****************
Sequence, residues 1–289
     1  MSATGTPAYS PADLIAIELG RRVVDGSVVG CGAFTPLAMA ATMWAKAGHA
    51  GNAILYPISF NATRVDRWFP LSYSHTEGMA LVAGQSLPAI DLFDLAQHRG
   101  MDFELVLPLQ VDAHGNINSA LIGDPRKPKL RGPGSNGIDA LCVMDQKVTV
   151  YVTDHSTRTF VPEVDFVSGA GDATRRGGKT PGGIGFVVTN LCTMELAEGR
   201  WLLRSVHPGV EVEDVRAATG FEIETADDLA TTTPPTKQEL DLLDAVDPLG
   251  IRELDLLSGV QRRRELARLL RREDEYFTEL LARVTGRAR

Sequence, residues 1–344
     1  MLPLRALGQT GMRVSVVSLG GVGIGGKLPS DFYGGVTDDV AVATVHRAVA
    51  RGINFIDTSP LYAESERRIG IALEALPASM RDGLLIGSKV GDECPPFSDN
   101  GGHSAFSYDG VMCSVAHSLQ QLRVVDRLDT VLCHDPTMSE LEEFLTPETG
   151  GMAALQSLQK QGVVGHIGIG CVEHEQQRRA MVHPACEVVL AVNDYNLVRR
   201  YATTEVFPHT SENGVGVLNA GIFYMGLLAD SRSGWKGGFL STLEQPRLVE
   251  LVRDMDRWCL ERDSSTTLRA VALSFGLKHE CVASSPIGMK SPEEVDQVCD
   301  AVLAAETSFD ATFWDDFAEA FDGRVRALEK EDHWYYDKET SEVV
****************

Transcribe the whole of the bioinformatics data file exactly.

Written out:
Sequence, residues 1–289
     1  MSATGTPAYS PADLIAIELG RRVVDGSVVG CGAFTPLAMA ATMWAKAGHA
    51  GNAILYPISF NATRVDRWFP LSYSHTEGMA LVAGQSLPAI DLFDLAQHRG
   101  MDFELVLPLQ VDAHGNINSA LIGDPRKPKL RGPGSNGIDA LCVMDQKVTV
   151  YVTDHSTRTF VPEVDFVSGA GDATRRGGKT PGGIGFVVTN LCTMELAEGR
   201  WLLRSVHPGV EVEDVRAATG FEIETADDLA TTTPPTKQEL DLLDAVDPLG
   251  IRELDLLSGV QRRRELARLL RREDEYFTEL LARVTGRAR

Sequence, residues 1–344
     1  MLPLRALGQT GMRVSVVSLG GVGIGGKLPS DFYGGVTDDV AVATVHRAVA
    51  RGINFIDTSP LYAESERRIG IALEALPASM RDGLLIGSKV GDECPPFSDN
   101  GGHSAFSYDG VMCSVAHSLQ QLRVVDRLDT VLCHDPTMSE LEEFLTPETG
   151  GMAALQSLQK QGVVGHIGIG CVEHEQQRRA MVHPACEVVL AVNDYNLVRR
   201  YATTEVFPHT SENGVGVLNA GIFYMGLLAD SRSGWKGGFL STLEQPRLVE
   251  LVRDMDRWCL ERDSSTTLRA VALSFGLKHE CVASSPIGMK SPEEVDQVCD
   301  AVLAAETSFD ATFWDDFAEA FDGRVRALEK EDHWYYDKET SEVV